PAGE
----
Other than that its drill carefully to expose the base of the threadline, using drill, then perhaps a small rotary air grinder, but that is for the very careful and patient person, probably better to have the block out of the car when drilling studs.

    The final final fix where you have stuffed the other operations is to drill the block and tap oversize for a helicoil, or just chuck the block for another.

    I guess that with head studs of the modern type, you are highly dependent on whether the last person reused the head bolts or put some lubricant on the threads ( though this might interfere with the design tightning torquing)

    That's about the limit of my experience with such mongrel situations, Sh*t happenns and hopefully you have luck on your side (so far I have had that luck )

    Most times heating the studs in an aluminium block is probably more successful than the old cast iron blocks due to the difference in expansion of the metals that work in your favour.

    Someone else might have a more modern approach to solving the problem.

    ken

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    My experience is that easy-outs snap off just as easy as bolts. Therefore I support drilling the bolt (down the CENTRE) with drill bits of ever increasing size until the remnants can be picked out as mentioned above.

    Cheers, Henry

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    Bad experience here too with stud extractors. I had success in the past by filling the bolt hole with WD40 and topping it up for a week.There was next to nothing left of the bolt, but I managed to get a pair of vise grips on the stump and screw it out. I had to build up a sort of silicone "reservoir" above the block to hold the WD40 and let it seep in.

    Drilling a hardened bolt is like trying to hit the barrel and miss the duck.

    That said I would try again the WD40/pentrene whatever else you fancy for as long as I can afford and keep scratching my head in the meantime. In the words of a classic still with us unfortunately, something will pop in your head sooner or later. Hopefully not a blood vessel.

    Drilling perfectly centered is easy, just get a small drill bit, and a length of steel pipe of the diameter of the bolt hole and with a hole the size of the drill. Slip that over the drill and into the hole and geometry dictates your drillbit will be centred on the bolt. No luck though if the bolt is harder than the drillbit.

    My suggestion is to use a diamond bit and go slowly. Diamond bits don't like heat, so have some sort of coolant/cutting compound dribbling on the bit and go slowly and steadily (like a diamond drill rig). I have used successfully diamond bits on hard steel but I was going in a hole already drilled, just to hone/ream it to diameter.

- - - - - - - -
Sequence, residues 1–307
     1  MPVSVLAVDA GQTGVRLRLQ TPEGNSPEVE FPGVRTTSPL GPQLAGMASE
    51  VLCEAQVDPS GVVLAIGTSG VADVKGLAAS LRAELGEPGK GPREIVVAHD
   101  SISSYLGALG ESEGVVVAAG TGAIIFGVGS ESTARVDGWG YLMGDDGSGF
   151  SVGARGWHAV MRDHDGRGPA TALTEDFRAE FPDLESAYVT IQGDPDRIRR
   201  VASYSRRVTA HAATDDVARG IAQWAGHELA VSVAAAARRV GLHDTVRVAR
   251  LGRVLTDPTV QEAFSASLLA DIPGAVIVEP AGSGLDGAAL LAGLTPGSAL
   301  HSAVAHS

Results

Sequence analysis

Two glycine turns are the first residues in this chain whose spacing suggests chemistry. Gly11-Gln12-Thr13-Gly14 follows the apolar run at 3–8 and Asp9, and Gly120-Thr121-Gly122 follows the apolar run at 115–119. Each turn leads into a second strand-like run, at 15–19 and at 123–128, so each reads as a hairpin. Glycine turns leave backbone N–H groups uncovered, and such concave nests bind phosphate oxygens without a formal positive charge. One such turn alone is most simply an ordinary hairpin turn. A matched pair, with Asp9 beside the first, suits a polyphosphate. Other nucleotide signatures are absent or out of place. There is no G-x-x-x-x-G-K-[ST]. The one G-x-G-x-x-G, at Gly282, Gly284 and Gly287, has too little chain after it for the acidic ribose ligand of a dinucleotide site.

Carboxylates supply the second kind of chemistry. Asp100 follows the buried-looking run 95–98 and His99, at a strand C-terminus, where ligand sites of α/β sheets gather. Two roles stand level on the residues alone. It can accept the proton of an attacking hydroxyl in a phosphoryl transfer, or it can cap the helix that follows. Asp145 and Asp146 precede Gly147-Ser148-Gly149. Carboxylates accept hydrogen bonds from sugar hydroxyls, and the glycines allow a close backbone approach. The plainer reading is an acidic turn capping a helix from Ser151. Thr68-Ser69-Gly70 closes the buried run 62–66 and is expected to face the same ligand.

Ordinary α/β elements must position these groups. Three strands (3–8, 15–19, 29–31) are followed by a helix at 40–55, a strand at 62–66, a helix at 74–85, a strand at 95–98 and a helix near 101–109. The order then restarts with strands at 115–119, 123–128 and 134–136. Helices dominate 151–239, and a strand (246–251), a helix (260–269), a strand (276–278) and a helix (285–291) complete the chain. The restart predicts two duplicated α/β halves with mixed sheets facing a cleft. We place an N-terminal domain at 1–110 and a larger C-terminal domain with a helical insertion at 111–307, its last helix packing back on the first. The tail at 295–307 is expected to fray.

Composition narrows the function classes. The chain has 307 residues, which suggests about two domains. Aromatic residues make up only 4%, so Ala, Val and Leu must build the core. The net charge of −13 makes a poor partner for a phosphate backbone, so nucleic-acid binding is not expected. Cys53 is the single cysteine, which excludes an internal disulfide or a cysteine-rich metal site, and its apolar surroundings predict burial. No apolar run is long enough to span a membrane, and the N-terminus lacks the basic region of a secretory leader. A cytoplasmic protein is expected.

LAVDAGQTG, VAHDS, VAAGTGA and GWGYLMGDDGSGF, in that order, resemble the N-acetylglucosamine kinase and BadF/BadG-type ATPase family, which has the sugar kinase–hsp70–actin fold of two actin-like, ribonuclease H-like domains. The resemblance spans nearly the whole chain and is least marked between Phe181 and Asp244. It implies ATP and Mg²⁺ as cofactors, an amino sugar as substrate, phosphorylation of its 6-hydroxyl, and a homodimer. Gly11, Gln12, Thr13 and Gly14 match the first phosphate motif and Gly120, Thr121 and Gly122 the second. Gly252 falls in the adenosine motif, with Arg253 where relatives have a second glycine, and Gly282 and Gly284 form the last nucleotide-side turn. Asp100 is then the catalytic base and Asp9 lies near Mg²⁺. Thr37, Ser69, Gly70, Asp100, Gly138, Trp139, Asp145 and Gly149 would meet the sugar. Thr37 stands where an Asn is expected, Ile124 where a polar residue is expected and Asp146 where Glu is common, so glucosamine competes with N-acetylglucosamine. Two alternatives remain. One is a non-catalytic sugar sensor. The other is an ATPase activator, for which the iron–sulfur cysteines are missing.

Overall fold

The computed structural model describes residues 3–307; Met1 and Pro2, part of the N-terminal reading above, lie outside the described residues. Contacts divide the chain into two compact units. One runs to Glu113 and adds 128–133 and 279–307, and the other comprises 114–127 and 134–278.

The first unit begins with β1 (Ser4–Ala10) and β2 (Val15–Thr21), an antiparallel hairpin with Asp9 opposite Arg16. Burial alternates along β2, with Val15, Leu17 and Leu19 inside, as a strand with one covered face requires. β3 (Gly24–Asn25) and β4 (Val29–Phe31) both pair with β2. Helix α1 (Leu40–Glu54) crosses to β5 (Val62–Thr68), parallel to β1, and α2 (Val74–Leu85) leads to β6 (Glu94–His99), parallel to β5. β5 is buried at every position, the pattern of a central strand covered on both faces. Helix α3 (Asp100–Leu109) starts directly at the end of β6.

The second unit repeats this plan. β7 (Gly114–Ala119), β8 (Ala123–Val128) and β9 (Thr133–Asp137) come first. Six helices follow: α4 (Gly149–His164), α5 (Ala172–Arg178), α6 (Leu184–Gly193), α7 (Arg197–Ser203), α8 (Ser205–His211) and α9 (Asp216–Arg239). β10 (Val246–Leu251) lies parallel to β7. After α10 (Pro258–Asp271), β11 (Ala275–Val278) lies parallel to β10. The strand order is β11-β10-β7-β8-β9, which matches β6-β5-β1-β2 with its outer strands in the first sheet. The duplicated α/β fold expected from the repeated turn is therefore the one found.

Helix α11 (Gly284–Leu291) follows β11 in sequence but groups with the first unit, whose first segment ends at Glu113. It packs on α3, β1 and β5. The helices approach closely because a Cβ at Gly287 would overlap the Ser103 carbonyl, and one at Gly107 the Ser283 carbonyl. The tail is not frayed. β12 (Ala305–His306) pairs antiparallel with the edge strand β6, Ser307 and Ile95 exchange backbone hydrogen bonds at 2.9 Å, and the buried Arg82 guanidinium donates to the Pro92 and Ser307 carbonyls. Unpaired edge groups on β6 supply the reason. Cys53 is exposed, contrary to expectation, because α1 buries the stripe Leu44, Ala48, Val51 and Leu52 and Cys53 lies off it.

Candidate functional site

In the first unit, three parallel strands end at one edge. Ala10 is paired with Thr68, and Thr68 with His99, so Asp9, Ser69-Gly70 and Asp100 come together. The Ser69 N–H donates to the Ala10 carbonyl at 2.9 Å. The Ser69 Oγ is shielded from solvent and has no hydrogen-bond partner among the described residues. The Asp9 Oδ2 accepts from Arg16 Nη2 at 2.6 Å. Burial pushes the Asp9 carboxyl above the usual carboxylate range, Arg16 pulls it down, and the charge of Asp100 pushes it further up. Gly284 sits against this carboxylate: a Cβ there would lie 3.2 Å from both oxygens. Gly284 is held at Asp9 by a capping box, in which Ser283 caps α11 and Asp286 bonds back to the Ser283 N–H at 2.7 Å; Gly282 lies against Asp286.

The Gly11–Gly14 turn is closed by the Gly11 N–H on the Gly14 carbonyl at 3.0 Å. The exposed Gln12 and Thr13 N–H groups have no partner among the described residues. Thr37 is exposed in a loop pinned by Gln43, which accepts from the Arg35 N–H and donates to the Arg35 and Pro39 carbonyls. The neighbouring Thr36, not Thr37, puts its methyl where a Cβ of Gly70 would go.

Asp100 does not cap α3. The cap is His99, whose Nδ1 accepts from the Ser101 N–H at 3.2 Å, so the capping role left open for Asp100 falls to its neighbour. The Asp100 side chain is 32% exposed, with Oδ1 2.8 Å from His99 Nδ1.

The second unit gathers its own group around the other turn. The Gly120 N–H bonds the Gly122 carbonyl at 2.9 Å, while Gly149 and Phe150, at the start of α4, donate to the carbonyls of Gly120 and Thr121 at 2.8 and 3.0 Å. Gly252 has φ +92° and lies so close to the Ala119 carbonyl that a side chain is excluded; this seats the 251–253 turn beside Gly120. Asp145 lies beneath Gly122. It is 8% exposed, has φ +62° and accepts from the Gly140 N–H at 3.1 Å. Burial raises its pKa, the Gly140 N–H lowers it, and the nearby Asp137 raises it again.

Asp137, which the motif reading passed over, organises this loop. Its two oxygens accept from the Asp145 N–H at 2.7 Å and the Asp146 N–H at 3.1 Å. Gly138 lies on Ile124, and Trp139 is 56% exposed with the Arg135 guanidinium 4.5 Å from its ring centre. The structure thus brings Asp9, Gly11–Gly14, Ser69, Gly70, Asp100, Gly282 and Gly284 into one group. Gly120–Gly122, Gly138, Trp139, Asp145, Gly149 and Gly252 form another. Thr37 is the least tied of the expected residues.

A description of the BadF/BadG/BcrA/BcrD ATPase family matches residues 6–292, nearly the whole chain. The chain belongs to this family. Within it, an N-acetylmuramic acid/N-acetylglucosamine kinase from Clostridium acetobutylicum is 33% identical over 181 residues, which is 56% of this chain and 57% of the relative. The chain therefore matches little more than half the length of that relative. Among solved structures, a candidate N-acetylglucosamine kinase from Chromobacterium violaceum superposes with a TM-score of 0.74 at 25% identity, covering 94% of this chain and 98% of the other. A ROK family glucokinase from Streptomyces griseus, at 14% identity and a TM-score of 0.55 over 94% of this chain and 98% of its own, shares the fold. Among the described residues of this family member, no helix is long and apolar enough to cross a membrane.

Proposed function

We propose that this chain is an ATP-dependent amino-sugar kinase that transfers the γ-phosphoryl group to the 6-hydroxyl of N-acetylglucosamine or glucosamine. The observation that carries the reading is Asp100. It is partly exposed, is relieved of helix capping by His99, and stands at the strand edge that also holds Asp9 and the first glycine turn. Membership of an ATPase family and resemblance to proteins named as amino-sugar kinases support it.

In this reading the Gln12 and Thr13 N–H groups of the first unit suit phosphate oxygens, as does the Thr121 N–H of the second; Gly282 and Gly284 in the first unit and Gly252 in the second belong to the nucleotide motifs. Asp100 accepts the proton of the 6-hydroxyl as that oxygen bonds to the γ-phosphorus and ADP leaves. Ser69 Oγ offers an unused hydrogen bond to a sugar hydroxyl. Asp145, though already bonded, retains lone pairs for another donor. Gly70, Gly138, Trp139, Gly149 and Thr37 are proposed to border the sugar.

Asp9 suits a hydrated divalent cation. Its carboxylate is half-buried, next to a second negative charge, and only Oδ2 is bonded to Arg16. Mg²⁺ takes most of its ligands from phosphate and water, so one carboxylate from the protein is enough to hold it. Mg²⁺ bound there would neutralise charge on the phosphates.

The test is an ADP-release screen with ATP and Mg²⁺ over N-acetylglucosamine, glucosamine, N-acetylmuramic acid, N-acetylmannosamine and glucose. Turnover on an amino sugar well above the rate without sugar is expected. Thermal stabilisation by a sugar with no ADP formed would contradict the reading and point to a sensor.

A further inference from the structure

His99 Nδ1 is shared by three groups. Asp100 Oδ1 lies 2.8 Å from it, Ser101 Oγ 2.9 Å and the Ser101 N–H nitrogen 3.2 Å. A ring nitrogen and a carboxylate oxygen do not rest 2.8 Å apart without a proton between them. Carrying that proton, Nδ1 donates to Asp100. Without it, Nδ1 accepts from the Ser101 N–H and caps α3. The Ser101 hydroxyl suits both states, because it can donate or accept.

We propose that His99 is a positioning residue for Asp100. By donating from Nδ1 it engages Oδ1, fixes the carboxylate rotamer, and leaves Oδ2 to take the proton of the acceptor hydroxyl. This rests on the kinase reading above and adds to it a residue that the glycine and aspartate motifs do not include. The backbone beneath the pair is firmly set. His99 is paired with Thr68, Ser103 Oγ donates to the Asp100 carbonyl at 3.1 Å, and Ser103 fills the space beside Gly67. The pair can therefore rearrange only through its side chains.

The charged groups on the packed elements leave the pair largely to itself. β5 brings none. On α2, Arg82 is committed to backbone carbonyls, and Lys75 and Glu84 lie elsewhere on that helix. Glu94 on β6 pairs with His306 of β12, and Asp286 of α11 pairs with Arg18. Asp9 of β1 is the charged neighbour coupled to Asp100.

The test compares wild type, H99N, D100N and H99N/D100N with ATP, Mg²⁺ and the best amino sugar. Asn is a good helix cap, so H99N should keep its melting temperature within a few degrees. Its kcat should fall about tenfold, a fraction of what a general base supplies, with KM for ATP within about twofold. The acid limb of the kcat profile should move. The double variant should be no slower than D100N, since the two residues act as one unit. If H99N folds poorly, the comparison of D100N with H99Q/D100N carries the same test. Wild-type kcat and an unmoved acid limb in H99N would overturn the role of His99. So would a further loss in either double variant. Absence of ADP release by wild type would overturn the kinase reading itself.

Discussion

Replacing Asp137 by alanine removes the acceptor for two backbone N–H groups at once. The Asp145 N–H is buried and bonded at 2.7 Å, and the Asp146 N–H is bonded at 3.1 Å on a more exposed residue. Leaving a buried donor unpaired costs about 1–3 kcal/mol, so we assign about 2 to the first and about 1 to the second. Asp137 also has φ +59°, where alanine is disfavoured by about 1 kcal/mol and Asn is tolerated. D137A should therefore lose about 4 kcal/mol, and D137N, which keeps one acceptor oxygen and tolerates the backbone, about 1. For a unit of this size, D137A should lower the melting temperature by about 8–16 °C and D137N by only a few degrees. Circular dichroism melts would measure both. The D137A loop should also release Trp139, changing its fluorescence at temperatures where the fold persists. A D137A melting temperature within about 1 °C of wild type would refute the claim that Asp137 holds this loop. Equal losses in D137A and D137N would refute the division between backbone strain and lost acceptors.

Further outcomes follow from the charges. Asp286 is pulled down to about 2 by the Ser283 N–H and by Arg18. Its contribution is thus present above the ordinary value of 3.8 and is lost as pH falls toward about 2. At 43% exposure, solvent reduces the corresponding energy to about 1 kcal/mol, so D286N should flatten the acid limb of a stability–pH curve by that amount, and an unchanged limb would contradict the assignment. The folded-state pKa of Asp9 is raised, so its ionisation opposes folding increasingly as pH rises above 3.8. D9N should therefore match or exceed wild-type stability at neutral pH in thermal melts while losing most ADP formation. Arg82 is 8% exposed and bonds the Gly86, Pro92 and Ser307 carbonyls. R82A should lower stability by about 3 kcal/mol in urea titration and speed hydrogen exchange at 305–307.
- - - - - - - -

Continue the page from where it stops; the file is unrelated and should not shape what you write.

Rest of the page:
http://www.acubore.co.uk/media/catal...udry-6mm-1.jpg

    These have a larger shank so should help you center it on the bolt.
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  16. #16
    1000+ Posts robmac's Avatar
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    Quote Originally Posted by Kenfuego View Post
    T
    ....Someone else might have a more modern approach to solving the problem.

    ken
    https://www.alltools.com.au/shop/ind...V_Single_Phase

    You need break a lot of them 'tho

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    Quote Originally Posted by rubyalpine View Post
    My experience is that easy-outs snap off just as easy as bolts. Therefore I support drilling the bolt (down the CENTRE) with drill bits of ever increasing size until the remnants can be picked out as mentioned above.

    Cheers, Henry

    It is pretty well impossible to drill a bolt down the centre and possibly it will harden with the drilling heat , this happened to me with a 403 head bolt and masonry drills were needed to drill it! Probably easier in the long run to pull the engine out and take it to Colin to put on his machine so it can be accurately drilled, which is what I eventually did with the 403 engine.

    Edit: Just read Schlitz's post, could be worth trying, would be worth spending a fair bit of time getting the size of the tube right, machine it up specially would be the way.
    Graham

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    Quote Originally Posted by GRAHAM WALLIS View Post